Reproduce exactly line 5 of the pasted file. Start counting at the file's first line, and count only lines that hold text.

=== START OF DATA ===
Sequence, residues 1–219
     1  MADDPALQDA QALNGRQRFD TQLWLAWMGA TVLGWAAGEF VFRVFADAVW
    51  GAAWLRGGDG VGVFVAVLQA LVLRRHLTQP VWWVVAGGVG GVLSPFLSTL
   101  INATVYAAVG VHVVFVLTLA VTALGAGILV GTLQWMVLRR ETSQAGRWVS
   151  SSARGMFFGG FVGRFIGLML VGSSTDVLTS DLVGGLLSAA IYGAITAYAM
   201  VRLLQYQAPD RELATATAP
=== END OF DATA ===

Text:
   151  SSARGMFFGG FVGRFIGLML VGSSTDVLTS DLVGGLLSAA IYGAITAYAM